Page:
There are ruby red sprouts on the trees of cherry blossoms and apple blossoms in our neighborhood. They seem to me different than in years past, almost shriveled in the bud. But I doubt my own memory. (Is this how they always grow?) I don’t know enough about arboriculture to determine whether these incarnadine dessicates are the faces of run-of-the-mill incipience or the sad aftermath of the biting frost this March has carried with it. Every year, the cold seems to linger too long, but this year, I resent the Wednesday morning that brought malevolent gales of frigid air at 21 degree wind chill. I have been waiting for the blossom and now I wonder, dyspeptically, whether a cruel March has pre-emptively culled it.
At home: a similar kind of twitchy speculation. I find I have been expecting too much of my daughter and too little of my son. My daughter is deceptively precocious, with a wry smile and a quick grasp of things I assume to be outside her ken. Because of this, I ask a lot of her, and find her occasional outbursts inscrutable and even beneath her. I meet them as unwelcome shocks — until I force myself to remember that she is still just-six. The other day, my husband pointed out a scar on his pinky finger, earned from a knife accident. She squinted her eyes in disbelief. “A baby came out?” It was clear she’d fused “stitches” with “c-sections,” and I was reminded again of the narrowness of her world, its circumference extending not far beyond this nuclear family and the ring of Catholic families at her school. My son, by contrast: late to develop his speech, and still with a baby lisp heavy on the tongue. (We’ve had his articulation assessed; do not worry.) I am newly aware that I baby him because of this, and, as he is my last, the irrationality of wanting him to stay young. He can dress himself, but I find myself almost itchy with the desire to help. I occasionally want to hold him, too, and wipe his mouth after he eats, and hold his hand on the steps. It requires nearly herculean energy to resist these ministrations. In short, I see that I am permitting my own soft and blind spots to mislead me in some of my parenting decisions. And so I have been messing with the dials. Is it like this? Too much. Do less. Step back. Step in.
These thought movements — about the trees, about my own parenting — are an apt entry point into a kind of tension I’ve been noticing in myself. I am nearly 39 and I find myself increasingly circumspect about my instinct to push back against the natural flow of things. Lately, I have been interrogating what I call “my hard places.” The spots where I turn to granite, where I find myself coiling up when this subject is broached, or that request is made. If there is instinct to shoulder against the wind, I have been asking: why? Sometimes, these askings yield nothing beyond the wild vent of my own frustrations about how much I want to do and how little time I have to do them. Other times, I find something small and gleaming underfoot: Oh. I see why that person’s comment nettled. It’s tied to this feeling of insecurity. A good portion of the time, though, I realize something shocking: whatever it is I’m scrimmaging against is not worth the footwork.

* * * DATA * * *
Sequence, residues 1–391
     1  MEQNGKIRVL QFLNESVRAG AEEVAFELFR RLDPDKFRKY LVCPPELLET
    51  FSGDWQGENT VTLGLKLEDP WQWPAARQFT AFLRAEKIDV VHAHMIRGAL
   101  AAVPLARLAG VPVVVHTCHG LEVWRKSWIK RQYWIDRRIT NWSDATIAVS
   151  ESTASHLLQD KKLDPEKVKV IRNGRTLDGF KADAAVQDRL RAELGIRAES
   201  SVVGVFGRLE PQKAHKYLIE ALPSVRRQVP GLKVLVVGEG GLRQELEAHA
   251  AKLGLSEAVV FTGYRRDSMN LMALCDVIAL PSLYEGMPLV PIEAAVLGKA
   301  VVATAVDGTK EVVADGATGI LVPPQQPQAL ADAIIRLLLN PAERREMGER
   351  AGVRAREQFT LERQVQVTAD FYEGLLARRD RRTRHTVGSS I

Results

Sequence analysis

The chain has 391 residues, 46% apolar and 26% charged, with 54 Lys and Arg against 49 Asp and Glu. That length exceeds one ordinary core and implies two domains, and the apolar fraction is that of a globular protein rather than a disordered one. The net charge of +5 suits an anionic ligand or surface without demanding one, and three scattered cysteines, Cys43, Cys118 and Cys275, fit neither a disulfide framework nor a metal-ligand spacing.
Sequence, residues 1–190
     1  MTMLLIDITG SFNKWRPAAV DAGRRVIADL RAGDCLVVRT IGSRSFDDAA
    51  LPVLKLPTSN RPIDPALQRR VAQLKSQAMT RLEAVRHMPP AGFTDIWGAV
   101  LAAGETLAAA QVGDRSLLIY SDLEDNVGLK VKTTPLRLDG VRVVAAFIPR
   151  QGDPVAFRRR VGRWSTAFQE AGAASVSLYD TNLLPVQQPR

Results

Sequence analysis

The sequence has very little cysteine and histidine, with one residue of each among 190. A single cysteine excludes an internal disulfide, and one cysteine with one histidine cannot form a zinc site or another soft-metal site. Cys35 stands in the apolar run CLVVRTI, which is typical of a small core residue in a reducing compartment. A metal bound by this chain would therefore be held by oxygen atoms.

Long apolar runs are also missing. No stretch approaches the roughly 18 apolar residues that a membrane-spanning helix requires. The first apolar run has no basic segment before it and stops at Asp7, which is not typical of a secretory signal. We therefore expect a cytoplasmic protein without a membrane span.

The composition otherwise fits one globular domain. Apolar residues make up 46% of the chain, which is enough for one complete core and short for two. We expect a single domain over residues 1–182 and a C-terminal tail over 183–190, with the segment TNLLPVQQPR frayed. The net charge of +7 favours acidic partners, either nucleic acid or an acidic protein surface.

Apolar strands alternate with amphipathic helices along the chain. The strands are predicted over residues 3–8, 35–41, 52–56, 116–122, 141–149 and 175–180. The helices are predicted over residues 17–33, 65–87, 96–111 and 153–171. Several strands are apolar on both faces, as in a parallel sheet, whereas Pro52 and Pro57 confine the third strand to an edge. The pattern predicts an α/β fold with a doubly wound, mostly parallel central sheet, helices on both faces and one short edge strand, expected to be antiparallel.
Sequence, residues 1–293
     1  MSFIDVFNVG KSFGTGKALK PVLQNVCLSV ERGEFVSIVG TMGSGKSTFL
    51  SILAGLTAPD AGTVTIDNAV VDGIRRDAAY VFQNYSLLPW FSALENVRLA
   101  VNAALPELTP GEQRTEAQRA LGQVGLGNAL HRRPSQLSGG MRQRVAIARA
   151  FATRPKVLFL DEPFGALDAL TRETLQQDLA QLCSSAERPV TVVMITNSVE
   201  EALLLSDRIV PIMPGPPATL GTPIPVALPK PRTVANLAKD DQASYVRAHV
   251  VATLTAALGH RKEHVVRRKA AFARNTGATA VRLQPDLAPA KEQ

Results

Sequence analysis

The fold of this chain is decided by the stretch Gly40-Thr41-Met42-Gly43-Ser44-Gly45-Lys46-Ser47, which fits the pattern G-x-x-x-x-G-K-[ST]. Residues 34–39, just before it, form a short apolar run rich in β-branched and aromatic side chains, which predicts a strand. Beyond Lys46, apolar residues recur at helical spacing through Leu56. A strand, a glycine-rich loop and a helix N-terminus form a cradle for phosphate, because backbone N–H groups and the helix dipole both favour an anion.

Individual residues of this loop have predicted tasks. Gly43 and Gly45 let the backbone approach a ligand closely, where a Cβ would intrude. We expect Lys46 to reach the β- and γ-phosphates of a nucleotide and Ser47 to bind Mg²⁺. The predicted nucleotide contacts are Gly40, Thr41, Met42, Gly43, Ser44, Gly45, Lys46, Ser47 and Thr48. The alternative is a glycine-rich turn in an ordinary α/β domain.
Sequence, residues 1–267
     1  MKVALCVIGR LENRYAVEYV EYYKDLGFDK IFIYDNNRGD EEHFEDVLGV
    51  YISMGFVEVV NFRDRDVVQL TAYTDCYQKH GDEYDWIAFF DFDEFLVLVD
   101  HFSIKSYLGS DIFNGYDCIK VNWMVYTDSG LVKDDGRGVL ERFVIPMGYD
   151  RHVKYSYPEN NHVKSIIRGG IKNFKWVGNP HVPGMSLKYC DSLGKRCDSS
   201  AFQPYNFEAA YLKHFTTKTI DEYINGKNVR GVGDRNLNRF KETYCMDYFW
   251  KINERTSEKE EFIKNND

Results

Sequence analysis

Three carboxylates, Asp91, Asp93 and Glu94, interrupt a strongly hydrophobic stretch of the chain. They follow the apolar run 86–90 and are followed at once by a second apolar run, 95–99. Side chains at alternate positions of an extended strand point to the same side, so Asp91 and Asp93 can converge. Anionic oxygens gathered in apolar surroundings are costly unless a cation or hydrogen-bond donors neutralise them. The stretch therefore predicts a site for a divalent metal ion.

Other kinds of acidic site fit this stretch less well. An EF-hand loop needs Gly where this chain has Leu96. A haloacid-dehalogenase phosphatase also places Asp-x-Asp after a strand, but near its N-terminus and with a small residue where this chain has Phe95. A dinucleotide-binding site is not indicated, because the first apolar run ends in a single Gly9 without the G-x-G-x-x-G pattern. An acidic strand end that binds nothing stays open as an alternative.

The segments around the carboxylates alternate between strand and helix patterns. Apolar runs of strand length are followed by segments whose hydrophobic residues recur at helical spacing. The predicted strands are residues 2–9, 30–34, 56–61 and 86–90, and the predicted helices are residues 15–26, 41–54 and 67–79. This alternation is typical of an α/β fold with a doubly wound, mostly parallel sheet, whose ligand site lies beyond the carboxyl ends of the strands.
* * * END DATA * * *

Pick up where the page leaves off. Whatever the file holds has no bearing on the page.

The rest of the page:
This is true even in some matters of parenting. I say that carefully. Because one of the big challenges of motherhood is divining which are the mountains and which are the molehills. But, as an example, I know I need to work on calibrating my expectations for my children, but — strangely — my tack for both appears symmetric: do less. Take a step back from interceding on my son’s behalf; take a step back from expecting as much from my daughter. Relax, on both fronts.
So, too, with my are-they-dead-or-not blossom worries on my morning walks. Wondering about it, resenting it, will bring bloom in neither case.
I am learning, at the end of my 30s, to feel for the hard, jadeite places inside.
To see if I can’t replace them with softnesses.
+A lot of this thinking echoes with my intention for the year: flow.